I recently spent two days in the hospital, trying to find out if my 47 year-old heart was breaking down. It caused me to question the tug of war between the well-being of one person and that of others.
Early one morning I woke up with a growing ache in my chest, which continued after a few hours of sleep. I initially attributed it to an allergic reaction to something in my house, but it grew in strength, becoming painful even after I got to work. I became concerned enough to seek medical advice. A nurse working for my health care provider, after hearing my symptoms and learning of my father’s death from a heart attack, insisted that I call 911 and get checked out for a potential heart attack. The advice made perfect sense, though I briefly thought about bucking it and heading home. Better to be safe than fatally sorry.
After my first ride in an ambulance, I spent several hours in a local hospital’s emergency room where my heart was monitored, I was put on pain medications, and my blood was extensively studied. When they were unable to find an explanation for my symptoms, the doctors had my lungs scanned for a blood clot using radioactivity-laced oxygen as a tracer (the hospital’s only CT scanner had been broken; when it was fixed, I got the higher resolution scan of my heart). There were still no problems detected, so with more detailed tests available the next day, I was checked into the hospital’s cardiac unit. In the morning I learned that no one had communicated that I had to wait at least 36 hours for radioactive air to clear from my lungs before the scheduled heart scan, also using radioactivity (in my blood), could be done. So instead I took a stress test, which revealed no unusual heart activity or pain; but my symptoms, now shifted from variable chest pain to chest pain only when I breathed, made the test’s conclusions equivocal. Early the next morning, I woke up with my chest feeling totally congested, and after a few more hours of sleep I felt almost totally fine. The heart scan, chemical-aided stress test, and follow-up heart scan showed no problems, so I was released in the afternoon. The doctors guessed that my symptoms were caused by either a combination of stress and acid reflux, or (my favorite) a highly aggressive virus like a chest cold.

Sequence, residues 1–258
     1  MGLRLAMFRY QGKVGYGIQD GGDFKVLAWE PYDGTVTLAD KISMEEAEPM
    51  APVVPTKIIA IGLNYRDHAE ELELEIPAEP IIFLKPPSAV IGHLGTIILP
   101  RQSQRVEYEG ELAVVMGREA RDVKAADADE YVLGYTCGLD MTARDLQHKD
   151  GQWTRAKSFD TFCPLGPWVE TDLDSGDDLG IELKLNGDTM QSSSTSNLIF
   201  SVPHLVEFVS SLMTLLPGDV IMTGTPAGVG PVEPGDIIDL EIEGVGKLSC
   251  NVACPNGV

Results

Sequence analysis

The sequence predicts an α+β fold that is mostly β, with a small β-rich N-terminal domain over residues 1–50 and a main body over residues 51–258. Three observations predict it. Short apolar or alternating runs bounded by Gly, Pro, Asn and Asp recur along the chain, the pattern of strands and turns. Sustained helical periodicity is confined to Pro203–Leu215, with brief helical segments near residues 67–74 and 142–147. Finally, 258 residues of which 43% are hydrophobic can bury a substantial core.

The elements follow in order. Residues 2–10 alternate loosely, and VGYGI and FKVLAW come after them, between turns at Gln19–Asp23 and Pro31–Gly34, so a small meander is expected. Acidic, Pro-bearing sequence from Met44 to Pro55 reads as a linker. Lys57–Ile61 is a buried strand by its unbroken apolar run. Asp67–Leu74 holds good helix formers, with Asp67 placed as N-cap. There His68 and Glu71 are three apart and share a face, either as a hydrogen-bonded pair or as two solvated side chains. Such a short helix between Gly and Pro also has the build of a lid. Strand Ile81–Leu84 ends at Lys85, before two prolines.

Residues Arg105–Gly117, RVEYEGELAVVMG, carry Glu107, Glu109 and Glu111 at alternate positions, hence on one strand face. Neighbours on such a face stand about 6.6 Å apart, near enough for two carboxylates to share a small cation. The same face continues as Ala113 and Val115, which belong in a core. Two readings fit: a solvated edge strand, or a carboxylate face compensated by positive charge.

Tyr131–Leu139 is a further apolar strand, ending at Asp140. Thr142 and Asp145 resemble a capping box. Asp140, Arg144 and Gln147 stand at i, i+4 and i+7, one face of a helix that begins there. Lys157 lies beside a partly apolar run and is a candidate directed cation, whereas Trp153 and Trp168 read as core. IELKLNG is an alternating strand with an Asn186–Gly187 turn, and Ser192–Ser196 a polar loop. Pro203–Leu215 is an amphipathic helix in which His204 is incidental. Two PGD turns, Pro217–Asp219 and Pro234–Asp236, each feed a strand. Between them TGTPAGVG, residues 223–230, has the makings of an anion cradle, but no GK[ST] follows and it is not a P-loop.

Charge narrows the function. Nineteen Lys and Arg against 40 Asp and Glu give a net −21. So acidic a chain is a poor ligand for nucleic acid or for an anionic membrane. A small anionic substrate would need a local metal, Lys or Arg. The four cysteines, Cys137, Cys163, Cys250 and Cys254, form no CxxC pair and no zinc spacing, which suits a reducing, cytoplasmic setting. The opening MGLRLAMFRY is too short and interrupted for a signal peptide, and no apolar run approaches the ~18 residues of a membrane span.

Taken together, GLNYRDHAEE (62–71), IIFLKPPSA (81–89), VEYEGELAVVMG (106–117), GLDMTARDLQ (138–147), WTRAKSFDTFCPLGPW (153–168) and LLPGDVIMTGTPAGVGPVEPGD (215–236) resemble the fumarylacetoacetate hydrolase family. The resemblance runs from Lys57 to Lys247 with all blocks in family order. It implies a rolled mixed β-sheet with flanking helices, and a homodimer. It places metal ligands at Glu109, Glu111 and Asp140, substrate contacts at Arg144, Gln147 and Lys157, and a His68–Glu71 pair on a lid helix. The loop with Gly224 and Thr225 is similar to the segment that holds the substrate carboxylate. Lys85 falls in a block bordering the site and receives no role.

The hospital’s ER had been totally full when I arrived, and both beds and rooms were at a premium. While I was enjoying the experience of periodic injections and random status checks, forced food and water deprivation, and uncomfortable sleeping arrangements for me and my wife, all so I could learn that I had a cold mimicking a heart condition, at least I had privacy and room service; others were far less fortunate. In the ER, you were lucky if you had a curtain and a bed.
I shuddered to think of how many resources were being used to support me during my stay at the hospital; but like so many people, it was hard to keep from using them when my personal survival was at stake. My wife and everyone I shared my concerns with constantly reminded me that I had made the right decision to call 911. My best friend had experienced almost identical symptoms when he discovered that he was actually having a heart attack. The EMTs, doctors, and nurses all agreed that someone my age (and even much younger) with my family history could not afford to ignore the warning signs.
The medical profession and its infrastructure exist, in theory, to keep people from dying. By every standard in our society and universal personal values, I was using them appropriately: to prevent my own death. But how much is a single life worth relative to those of others, who are either competing for the use of the medical system or the resources that support it? How much pain and suffering, greater than my own, might I have alleviated by following my brief impulse to head home and ride out my own pain, without cluttering the ER or monopolizing a hospital room? I may never know, but I can’t help but ask the question.